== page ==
"For many generations, more than we can count, we bowed our heads and submitted to blindness and begging. This blind and deaf woman lifts her head high and teaches us to win our way back by work and laughter. She brings light and hope to the heart."
-Quote from a Japanese woman about Helen Keller
Helen Keller was born on June 27, 1880, in the state of Alabama in the United States. As an infant she was healthy, lively, and happy, but when she was 19 months old she contracted a horrible fever and she was left deaf and blind.
So, Helen communicated by using specific signs that meant specific words, like wrapping her arms around herself and shivering if she wanted ice cream. But her attitude began to go downhill when she was 5 and discovered other people would talk with their mouths. This made her very upset, so she threw tantrums which got worse as she got older. When she was almost seven years old, her family got her a tutor: Anne Sullivan.
Helen had finally found her match, for Anne could control her with sheer willpower and force. Soon, Anne began teaching Helen words by signing them into Helen's hand (forming letters with her fingers) so Helen could feel them. Anne spelled out "water" and splashed water on Helen's hand repeatedly. Finally, Helen realized what words related and their spellings.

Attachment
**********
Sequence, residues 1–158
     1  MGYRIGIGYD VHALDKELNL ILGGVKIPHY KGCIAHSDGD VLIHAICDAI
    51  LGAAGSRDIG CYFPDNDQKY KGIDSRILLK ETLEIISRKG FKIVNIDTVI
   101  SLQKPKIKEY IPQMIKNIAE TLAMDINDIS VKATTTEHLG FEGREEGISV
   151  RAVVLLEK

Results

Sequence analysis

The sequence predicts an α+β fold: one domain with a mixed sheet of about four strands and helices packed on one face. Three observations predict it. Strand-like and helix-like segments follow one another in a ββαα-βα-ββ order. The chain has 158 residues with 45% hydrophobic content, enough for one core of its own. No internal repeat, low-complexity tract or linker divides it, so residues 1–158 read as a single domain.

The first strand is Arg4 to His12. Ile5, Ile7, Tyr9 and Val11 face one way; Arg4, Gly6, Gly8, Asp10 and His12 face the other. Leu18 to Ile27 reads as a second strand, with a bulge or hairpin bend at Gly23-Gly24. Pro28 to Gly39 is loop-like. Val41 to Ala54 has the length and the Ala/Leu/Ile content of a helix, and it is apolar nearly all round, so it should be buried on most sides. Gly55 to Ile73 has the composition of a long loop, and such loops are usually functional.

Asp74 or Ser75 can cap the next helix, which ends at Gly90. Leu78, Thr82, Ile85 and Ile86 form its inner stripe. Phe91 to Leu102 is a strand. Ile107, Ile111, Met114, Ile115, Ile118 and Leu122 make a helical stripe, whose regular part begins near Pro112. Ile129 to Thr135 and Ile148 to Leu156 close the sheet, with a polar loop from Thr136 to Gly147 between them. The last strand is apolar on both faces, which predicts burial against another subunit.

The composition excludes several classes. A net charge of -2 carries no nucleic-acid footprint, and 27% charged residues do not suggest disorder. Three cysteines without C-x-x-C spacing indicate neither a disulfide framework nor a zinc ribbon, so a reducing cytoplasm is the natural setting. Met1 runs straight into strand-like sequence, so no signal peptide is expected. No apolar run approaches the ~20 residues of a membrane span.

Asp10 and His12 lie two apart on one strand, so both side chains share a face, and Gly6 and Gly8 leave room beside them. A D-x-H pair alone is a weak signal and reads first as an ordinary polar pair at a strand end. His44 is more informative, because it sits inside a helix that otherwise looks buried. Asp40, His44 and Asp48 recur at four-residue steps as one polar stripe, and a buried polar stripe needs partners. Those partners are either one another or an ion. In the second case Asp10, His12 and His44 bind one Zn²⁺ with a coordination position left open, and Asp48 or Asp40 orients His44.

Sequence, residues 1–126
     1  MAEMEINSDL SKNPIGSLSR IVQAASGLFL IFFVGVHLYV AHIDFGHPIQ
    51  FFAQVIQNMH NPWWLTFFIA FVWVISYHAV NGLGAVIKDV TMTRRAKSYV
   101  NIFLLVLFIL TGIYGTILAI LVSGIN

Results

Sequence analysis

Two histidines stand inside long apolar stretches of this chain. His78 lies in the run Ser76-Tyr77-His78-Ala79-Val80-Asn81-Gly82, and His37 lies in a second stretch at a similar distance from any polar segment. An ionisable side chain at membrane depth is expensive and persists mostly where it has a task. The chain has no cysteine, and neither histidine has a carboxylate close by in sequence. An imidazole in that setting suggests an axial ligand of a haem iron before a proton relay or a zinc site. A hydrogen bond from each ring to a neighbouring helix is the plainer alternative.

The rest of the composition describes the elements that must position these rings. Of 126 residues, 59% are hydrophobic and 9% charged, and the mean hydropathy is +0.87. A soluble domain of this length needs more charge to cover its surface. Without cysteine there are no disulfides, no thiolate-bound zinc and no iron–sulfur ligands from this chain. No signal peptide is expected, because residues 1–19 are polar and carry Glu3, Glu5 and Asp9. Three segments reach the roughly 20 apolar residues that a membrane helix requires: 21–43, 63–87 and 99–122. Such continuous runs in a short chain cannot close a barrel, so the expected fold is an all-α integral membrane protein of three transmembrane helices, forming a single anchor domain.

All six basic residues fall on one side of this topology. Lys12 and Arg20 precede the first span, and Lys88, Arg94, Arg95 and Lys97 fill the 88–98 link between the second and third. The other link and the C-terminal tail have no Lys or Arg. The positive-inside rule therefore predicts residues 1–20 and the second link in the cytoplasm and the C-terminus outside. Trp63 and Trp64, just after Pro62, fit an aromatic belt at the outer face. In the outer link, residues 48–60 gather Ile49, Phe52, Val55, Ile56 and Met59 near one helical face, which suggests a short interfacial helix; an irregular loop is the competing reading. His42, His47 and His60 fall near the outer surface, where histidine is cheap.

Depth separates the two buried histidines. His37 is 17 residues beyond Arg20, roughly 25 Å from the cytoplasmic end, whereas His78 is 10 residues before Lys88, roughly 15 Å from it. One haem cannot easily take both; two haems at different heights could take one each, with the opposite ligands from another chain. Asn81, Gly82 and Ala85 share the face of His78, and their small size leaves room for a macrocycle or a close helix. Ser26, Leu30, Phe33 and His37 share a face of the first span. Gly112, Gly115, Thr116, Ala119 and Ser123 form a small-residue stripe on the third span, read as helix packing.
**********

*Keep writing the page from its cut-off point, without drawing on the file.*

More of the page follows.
Anne and Helen's progress continued for almost fifty years. Helen learned how to read and write Braille, a language where letters are made from a series of raised dots. Helen also learned Tacoma, reading people's lips by touching them as they moved and feeling the vibrations. This was an amazing feat because this is very difficult to do and a very small sum of people can accomplish this. And, of course, Helen learned how to speak verbally.
In 1888, Helen and Anne attended Perkins Institute for the Blind in Boston, Massachusetts. Then, in 1894, they attended Wright-Humason School for the Deaf in New York together. While in Radcliffe College, Helen wrote her own autobiography titled The Story of My Life. She graduated from Radcliffe College in 1904. Then, in 1932, Helen was elected vice president of the United Kingdom's Royal Nation Institute for the Blind.
Helen died in 1968, having accomplished many feats. In addition, she had helped set up the American Foundation for the Blind and had been a fervent socialist and suffragette. Helen Keller International, an organization devoted to the blind, was created in her honor.